-g
Specify the size of ICMP payload to start with when sending sweeping pings.
-G Specify the maximum size of ICMP payload when sending sweeping pings.
-h Specify the number of bytes to increment the size of ICMP payload after each sweep when sending sweeping pings
NOTE: Considering our max MTU is limited to 1400 by gpd0 adapter, this is the command we will run:ping -D -g 1300 -G 1400 -h 2 yahoo.com

As you can see the max bytes packet size could successfully be sent is 1330, then adding 20 bytes of IP Header, the optimal MTU derived value is 1350.

econd step, since we can’t change the TMobile Home Internet Gateway MTU setting, we will set GlobalProtect adaptor MTU to lower value:

1. For Mac GP client: ifconfig can change virtual adapter MTU size:sudo ifconfig gpd0 mtu 13502. For Windows GP client 5.0.x and older: MTU can be changed by modifying PANGP virtual adapter MTU setting directly as follows:a. use netsh command to change the MTU size: (<index> is the virtual interface index, use 'netsh interface ipv4 show interfaces' to list all interface indexes and names)
netsh interface ipv4 set interface <index> mtu=1350
netsh interface ipv6 set interface <index> mtu=1350

b. use powershell command to automatically find out virtual interface and set mtu
powershell -Command "Get-WmiObject win32_networkadapter | where-object ServiceName -eq PanGpd | ForEach {netsh interface ipv4 set interface $_.InterfaceIndex mtu=1350; netsh interface ipv6 set interface $_.InterfaceIndex mtu=1350}"
NOTE: You need root/admin access to be able to change it through command line.Source: https://knowledgebase.paloaltonetworks.com/KCSArticleDetail?id=kA10g000000PPbZCAW

Starting GlobalProtect app 5.2.4, MTU can be changed through the Adapter App setting.
Reference: https://docs.paloaltonetworks.com/globalprotect/5-2/globalprotect-app-new-features/new-features-released-in-gp-app/configurable-maximum-transmission-unit-for-globalprotect-connections

hird Step, test your sites, it should be accessible now. You can also do ping/traceroute test.
> traceroute takes total message size, including the header.

hird Step, test your sites, it should be accessible now. You can also do ping/traceroute test.
> traceroute takes total message size, including the header.

ourth Step, for GP version less than 5.2.4, since we are overriding the default for GP adapter using the command line, it will reset on the next system startup to 1400. So after every system restart either we can manually run this command:
sudo ifconfig gpd0 mtu 1350

Or if you are lazy like me, we would want to automate this MTU setting update process. Let’s use Maclauchd service to do that for us:
1) Create a shell script file in your workspace, say /Users/akumar/workspace/scripts/vpn-gp-set.sh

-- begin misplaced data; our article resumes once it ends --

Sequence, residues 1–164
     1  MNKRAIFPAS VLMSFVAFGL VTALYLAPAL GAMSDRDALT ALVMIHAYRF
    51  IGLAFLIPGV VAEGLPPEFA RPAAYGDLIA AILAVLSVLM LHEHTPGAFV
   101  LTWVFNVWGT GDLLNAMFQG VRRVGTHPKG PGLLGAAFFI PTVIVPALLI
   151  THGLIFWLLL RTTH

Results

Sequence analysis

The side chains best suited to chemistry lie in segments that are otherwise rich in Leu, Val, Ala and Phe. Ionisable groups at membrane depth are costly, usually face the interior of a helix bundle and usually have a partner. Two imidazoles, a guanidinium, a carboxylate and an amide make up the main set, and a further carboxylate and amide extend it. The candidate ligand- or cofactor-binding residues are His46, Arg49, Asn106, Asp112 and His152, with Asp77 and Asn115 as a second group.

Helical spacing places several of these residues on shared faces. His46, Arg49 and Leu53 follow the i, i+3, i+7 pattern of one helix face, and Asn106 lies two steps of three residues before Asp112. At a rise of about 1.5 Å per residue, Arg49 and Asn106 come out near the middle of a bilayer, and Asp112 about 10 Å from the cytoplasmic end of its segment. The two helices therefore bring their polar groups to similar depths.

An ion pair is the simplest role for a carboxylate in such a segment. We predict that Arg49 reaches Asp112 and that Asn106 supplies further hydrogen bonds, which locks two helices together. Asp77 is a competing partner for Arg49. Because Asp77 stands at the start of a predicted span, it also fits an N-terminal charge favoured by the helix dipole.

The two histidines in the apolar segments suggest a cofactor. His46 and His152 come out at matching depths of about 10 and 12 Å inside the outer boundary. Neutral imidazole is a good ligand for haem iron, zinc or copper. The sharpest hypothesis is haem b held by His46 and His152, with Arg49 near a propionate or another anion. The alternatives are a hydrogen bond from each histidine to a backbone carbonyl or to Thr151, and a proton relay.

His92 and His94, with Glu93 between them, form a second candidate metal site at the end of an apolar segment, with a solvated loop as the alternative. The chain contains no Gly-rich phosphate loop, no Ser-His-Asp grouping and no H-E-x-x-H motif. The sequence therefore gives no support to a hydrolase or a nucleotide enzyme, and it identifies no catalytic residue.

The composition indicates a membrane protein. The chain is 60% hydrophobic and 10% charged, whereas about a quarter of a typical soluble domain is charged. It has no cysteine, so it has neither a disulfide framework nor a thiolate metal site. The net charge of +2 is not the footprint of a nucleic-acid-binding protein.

#!/bin/bash
# lowering vpn gp mtu limit
echo $(date) Starting with delay…
sleep 60
ifconfig | grep mtu
echo ‘Setting gpd0 mtu’
ifconfig gpd0 mtu 1350
ifconfig gpd0 | grep mtu
echo ‘gpd0 mtu set’

NOTES: Since launchd process can’t be sequenced/ordered, putting an explicit sleep of 60s (it can be less or more for you, depending on your system startup time), gives ample time for the GP app to boot up, and create gpd0 interface for us to override. This waiting period will not slow down your system boot time.

2) Make your script file executable with the command:
chmod +x /Users/akumar/workspace/scripts/vpn-gp-set.sh

3) Create a plist file at /Library/LaunchDaemons/com.local.vpn.gp.mtu.plist

<?xml version=”1.0" encoding=”UTF-8"?>
<!DOCTYPE plist PUBLIC “-//Apple Computer//DTD PLIST 1.0//EN” “http://www.apple.com/DTDs/PropertyList-1.0.dtd">
<plist version=”1.0">
<dict>
<key>Label</key>
<string>com.local.vpn.gp.mtu</string>
<key>Program</key>
<string>/Users/akumar/workspace/scripts/vpn-gp-set.sh</string>
<key>StandardErrorPath</key>
<string>/Users/akumar/workspace/scripts/vpn-gp-set.err</string>
<key>StandardOutPath</key>
<string>/Users/akumar/workspace/scripts/vpn-gp-set.log</string>
<key>RunAtLoad</key>
<true/>
</dict>
</plist>

oila!, it's done. Now, your MTU setting will be persisted between system reboots. If not, then you can check the logs in the workspace directory for error (.err) or run logs (.log) for debugging.

Additionals:

  • If you don’t see gpd0 interface in your ifconfig and your VPN app doesn’t let you configure the MTU through the GUI, you can also limit one of theutunX interface where X can be 0, 1, 2, etc. tun (short for tunneling) interfaces are created by Mac following VPN installation. Start with utun with lowest MTU to further lower it to optimal MTU. You will have to play around with each utun to see which fixes your issue.

I hope you liked ❤️ this article, stay tuned for more posts. All feedback, comments & questions are welcomed. 🏳️‍🌈

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Lead Full Stack & DevOps Engineer